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Criminal Law
University of California, Hastings School of Law
Rappaport, Aaron

Rappaport – Fall 2009 – UC Hastings – Criminal Law


1.       Utilitarianism
Punishment is justified because it has social benefits by keeping dangerous people off streets.
Utility: greatest happiness for greatest number (benefit outweighs the costs)
Criticism: no difference in rates of recidivism, no way to reform prisoners
Overall distrust of government led to questioning of effectiveness and away from indeterminate sentencing
However, criminals don’t think about punishment when committing the crime
Some can’t rationally think about consequences (mentally ill, drug abusers)
Risk of getting caught is low
Diminishing Marginal Utility of Punishment
Can’t commit crimes while in prison
Assumes that there are no crimes in prison, or they don’t count
Selective incapacitation: targeting those most likely to recidivate
Innocent people are punished (made an example of)
Punished people are unhappy (everyone’s happiness matters in utilitarianism)
Fear of unjust punishment

2.       Retributive Justifications
Rejects the idea that the goal should be to promote good consequences
Punishment should be imposed because it is blameworthy
Just deserts: should punish based on culpability (greater punishment for greater intent)
Assumes free will
Public vengeance (mob mentality)
Too much power in the state

1.       Statutory Constraints on Sentencing

Mandatory Statutes
Offense specific
Minimum sentence for specific crime
Criticism: everyone gets same sentence, regardless of role
Recidivist (ex. Three strikes)

Sentencing Guidelines
Legislature created sentencing committee
Grid: severity x past offenses
Goal: to make sentences more uniform
Result: sentences have gotten more severe/longer
Relevant conduct: activity not related to charge can be taken into account
Judges can’t depart too far from guidelines, creating very rigid system which may exclude important factors
Lower standard of proof: factors only need to be proven to judge, not jury

2.       Constitutional Constraint on Punishment

6th Amendment (Right to Jury Trial)
Apprendi v. New Jersey (shooting into black house)
Is racial bias a sentencing factor (judge) or offense element (jury)?
RULE: Any element that exceeds statutory maximum is an offense element.
Blakely v. Washington (kidnapping)
Is the maximum the statutory maximum or the presumptive maximum?
RULE: Statutory maximum is the “maximum a judge may impose based solely on the facts reflected in the jury verdict or admitted by the defendant.”
Here, the presumptive maximum is the statutory maximum.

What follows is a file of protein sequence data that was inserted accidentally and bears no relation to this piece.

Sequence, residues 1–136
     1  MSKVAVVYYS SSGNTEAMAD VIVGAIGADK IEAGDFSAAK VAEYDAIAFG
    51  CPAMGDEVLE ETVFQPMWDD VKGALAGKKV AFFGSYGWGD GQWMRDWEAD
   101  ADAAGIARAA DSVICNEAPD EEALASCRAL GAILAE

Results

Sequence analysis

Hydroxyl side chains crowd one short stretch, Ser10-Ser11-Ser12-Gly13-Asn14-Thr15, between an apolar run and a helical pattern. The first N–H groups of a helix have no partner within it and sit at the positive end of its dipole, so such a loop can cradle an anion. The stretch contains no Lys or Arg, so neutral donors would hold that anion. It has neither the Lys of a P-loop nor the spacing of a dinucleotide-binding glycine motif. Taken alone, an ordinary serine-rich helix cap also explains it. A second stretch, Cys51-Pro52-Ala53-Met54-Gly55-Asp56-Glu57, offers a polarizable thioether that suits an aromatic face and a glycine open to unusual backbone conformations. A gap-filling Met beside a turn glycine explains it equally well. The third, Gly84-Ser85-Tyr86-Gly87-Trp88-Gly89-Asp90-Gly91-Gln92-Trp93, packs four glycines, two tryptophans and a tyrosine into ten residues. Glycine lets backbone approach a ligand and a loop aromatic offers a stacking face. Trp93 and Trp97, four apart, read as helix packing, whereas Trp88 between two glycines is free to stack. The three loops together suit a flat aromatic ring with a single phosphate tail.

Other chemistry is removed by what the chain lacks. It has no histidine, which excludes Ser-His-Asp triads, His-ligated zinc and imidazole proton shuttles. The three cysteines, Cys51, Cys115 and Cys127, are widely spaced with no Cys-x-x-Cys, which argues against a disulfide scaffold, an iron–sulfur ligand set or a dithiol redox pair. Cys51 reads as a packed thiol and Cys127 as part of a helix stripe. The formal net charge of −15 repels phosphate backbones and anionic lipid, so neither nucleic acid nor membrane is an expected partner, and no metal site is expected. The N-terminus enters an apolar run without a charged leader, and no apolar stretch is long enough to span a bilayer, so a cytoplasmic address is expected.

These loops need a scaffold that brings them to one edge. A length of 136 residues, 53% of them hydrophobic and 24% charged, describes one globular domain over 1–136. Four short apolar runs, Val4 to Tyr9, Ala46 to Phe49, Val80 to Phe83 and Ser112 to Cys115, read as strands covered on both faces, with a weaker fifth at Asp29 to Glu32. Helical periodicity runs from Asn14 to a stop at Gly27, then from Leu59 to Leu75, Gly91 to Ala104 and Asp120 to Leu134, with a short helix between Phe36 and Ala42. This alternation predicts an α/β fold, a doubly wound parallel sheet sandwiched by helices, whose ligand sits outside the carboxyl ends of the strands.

U.S. v. Booker (crack)
No difference between guidelines passed by administrative agencies and the legislatures.
Federal guidelines deemed “advisory” since they were not sufficient constitutionally.

8th Amendment (Cruel and Unusual Punishment)
Ewing v. California (3 strikes)
Stealing $400 golf clubs triggered 3 strikes law
RULE: Punishment violates 8th Amendment when sentence is grossly disproportional to crime
Three strikes is not grossly disproportional because of past history

Other Constitutional Limits
Privacy rights (abortion, contraception, etc.), free speech
Lawrence v. Texas: homosexual relations are protected

California’s Response
Determinate Sentencing Law
Assigns 3 possible outcomes for each crime (aggravated/normal/mitigated)
Judge must give normal sentence unless he finds aggravating or mitigating circumstances
Cunningham v. CA: this law is unconstitutional – tells legislature to go back and fix it
Temporary fix similar to before, but gives discretion to 3 sentences
Three Strikes Law: not counted as going beyond statutory maximums because it’s based on prior convictions and on jury findings


Kansas v. Hendricks (Sexually Violent Predator Act)
It is not double jeopardy because the Act is a civil sanction with a non-punitive purpose
Not retributive because it’s not based on a previous crime
Not deterrence because people wh

ission is defined by law or duty to perform is stated by law
Possession is an act, so long as one knows of possession
Cannot be excessively vague


Must be a concurrence of act and intent
Utilitarian: punish intentional over unintentional; get more dangerous people off streets
Retributive: measures how freely someone does an act which is important in determining blameworthiness and the punishment

6.       The Model Penal Code Approach
·         MPC mens rea categories
o   Purpose: it is one’s conscious object for the event to occur
o   Knowledge: practically certain the event will occur
o   Recklessness:aware of the substantial and unjustifiable risk (1st prong, objective) BUT consciously disregards the risk (2nd prong, subjective)
o   Negligence:should have been aware of substantial and unjustifiable risk
o   Purpose and knowledge are subjective
o   Recklessness and negligence are based on what a reasonable person should know
·         Rules for interpretation
o   (1) Break statute into elements
o   (2) Assign a mens rea to each element (traveling rule only forwards)
§ Default mens rea is recklessness
o   (3) Determine if defendant satisfies each element’s mens rea
·         People v. Rypinksi (gun thought to be unloaded)
o   Must prove that he was reckless to all elements; conviction reversed
·         People v. Ryan (mushrooms)
o   Hallucinogenic isn’t equated with total weight of mushrooms, so couldn’t prove knowledge
o   However, court allowed future prosecutions to assume knowledge of ratio
·         Lesser Crime Rule: if stuck in the middle, then adopt lesser crime

7.       The Common Law Approach